"It was a pretty hard hit and then it flipped over," Skvaril, 23, told the New York Daily News. "We didn't see the helicopter anymore and then a yellow raft popped up and again we didn't see or hear anyone until we saw a person on top of the raft screaming and yelling for help and waving."
Video footage on Twitter shows a man wrapped in a white blanket walking alongside emergency responders on East End Avenue, near the Upper East Side, after the crash. Other videos show emergency responders performing CPR on a victim on a stretcher being loaded onto an ambulance.
The helicopter was one of three that took off from a helipad in New Jersey early Sunday evening for a flying tour of New York City, said Eric Adams, an aviation writer who was a passenger in a different helicopter. The flights cater to tourists and to amateur and professional photographers, like Adams, who want to take aerial pictures of the city.
He said all the passengers boarding the three helicopters had attended a safety briefing, which included a 10-minute video, and were transported by bus to the terminal, where they were asked to leave their belongings. Before the flights took off and as he was getting his camera gear ready, Adams said he talked to two young men whom he believes were among the victims.
"They were both very excited about the flight; they were trying to figure out the best selfies for their cameras," Adams said. "When I got to the terminal, one of the guys … he asked about going on the flight, if I'd done this before. Just figuring out what to expect."
The helicopters took off within about 30 seconds of each other, Adams said, and the aircraft carrying the victims was the last one to leave.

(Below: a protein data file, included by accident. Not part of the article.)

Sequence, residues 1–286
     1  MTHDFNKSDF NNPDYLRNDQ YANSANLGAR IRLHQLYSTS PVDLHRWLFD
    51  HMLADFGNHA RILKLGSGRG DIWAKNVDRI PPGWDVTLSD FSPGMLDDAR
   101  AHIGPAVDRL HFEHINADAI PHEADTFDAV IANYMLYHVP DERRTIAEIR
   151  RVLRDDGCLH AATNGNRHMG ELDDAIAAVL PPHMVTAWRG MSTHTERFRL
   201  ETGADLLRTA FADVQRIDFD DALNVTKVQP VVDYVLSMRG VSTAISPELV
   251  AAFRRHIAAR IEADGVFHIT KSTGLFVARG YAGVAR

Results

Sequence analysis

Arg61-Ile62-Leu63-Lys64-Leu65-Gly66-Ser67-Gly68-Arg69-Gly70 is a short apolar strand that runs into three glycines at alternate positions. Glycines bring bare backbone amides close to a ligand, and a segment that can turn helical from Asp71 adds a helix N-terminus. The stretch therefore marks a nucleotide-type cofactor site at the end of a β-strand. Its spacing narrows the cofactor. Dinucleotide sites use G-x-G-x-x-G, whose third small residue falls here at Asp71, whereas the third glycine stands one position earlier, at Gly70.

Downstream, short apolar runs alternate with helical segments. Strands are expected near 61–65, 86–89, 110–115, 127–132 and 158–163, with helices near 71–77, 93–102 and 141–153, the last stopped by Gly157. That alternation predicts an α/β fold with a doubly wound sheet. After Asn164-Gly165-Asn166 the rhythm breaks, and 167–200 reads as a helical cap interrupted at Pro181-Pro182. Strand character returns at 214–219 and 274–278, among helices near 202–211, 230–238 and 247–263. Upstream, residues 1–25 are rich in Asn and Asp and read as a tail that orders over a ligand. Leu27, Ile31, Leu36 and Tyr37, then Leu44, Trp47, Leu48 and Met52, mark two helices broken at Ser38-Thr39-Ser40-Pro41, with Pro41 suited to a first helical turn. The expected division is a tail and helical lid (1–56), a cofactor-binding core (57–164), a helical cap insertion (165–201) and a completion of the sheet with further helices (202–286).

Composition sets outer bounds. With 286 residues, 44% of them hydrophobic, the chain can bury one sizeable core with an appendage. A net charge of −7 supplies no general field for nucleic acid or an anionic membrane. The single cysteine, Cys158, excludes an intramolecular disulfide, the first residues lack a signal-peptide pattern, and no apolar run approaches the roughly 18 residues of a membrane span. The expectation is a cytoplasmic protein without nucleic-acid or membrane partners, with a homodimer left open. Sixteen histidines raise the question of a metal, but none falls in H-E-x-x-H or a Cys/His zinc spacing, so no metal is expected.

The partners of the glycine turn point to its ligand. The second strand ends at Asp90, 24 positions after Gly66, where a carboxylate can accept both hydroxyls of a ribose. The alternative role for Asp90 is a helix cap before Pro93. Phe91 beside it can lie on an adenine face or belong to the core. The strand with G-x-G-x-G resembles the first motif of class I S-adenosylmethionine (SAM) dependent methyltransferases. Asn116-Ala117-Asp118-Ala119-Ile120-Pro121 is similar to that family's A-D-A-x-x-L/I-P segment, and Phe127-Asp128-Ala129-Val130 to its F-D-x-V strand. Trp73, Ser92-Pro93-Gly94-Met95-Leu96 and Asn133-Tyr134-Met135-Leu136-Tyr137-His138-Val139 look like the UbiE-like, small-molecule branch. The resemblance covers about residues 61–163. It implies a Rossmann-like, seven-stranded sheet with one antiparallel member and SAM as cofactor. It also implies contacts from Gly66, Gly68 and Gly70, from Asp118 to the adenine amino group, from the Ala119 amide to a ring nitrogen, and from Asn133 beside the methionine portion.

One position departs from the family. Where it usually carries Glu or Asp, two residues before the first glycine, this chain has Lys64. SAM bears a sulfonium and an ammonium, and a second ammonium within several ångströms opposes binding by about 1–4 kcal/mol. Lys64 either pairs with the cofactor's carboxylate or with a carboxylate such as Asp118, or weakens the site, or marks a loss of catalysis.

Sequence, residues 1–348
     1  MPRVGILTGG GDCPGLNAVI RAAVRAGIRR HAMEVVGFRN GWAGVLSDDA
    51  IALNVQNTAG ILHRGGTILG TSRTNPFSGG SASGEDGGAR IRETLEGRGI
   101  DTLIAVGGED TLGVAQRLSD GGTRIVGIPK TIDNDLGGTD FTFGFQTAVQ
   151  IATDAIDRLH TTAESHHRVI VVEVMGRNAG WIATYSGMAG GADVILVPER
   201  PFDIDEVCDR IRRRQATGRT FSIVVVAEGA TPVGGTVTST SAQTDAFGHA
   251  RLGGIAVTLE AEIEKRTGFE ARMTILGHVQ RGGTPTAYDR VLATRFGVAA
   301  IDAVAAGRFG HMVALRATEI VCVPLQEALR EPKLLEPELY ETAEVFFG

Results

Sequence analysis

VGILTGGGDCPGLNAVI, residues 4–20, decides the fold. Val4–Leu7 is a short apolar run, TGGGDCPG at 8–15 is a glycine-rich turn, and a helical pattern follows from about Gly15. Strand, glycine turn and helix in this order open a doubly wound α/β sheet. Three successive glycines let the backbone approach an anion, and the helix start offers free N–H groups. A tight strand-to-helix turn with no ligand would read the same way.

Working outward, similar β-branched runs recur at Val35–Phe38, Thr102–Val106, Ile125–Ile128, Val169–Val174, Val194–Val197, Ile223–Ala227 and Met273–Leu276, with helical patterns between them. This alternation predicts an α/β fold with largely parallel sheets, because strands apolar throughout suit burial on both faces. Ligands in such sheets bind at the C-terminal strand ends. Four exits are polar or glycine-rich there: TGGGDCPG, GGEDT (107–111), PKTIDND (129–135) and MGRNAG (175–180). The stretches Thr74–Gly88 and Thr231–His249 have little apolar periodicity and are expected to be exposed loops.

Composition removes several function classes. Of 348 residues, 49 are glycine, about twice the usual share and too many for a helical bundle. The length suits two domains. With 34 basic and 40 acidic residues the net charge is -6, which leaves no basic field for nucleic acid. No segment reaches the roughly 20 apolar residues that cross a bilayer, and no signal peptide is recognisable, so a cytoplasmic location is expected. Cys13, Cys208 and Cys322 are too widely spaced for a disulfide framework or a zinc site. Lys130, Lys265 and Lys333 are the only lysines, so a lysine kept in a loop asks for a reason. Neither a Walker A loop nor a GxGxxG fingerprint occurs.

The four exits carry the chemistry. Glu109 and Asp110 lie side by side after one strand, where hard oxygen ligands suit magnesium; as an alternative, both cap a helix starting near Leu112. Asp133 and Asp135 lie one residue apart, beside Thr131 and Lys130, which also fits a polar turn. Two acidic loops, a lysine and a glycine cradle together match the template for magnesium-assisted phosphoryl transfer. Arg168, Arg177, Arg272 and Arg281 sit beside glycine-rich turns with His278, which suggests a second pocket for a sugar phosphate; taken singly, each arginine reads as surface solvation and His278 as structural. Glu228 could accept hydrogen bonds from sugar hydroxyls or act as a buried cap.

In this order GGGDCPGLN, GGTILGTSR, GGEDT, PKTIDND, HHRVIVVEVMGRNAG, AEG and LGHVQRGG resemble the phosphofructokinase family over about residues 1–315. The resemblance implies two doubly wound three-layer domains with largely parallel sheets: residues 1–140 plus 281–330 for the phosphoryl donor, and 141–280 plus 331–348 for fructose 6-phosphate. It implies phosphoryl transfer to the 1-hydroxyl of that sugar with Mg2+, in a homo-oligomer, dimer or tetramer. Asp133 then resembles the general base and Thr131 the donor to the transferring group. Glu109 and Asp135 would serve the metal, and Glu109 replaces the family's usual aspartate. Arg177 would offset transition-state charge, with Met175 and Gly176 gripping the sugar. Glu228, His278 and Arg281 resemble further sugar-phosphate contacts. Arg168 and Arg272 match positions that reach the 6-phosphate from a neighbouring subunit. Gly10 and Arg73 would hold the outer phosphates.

Minutes into the half-hour trip - and not long after flying over the Statue of Liberty - Adams, who was sitting in the front seat, heard his pilot talking to an air traffic controller.
"He was being instructed [to] look for the other helicopter because there was a mayday," Adams said. "The helicopter apparently went down."
After Adams and the others landed back at the terminal in New Jersey, his pilot told him that the other helicopter had crashed in the East River. He said the pilot had initially thought that the passengers survived.
Back in the terminal's locker room to retrieve his belongings, Adams saw the bags of the young men he had talked to earlier that day.
"That's when it kind of really dawned: That helicopter isn't coming back," Adams said.
Questions were raised Monday about whether the pilot could have saved, or tried to save, his passengers. Because the helicopter was flown with the doors off, passengers wore harnesses over their shoulders and between their legs, Adams said. On their back, between their shoulder blades, was a metal ring attached to a carabiner and tethered to the floor.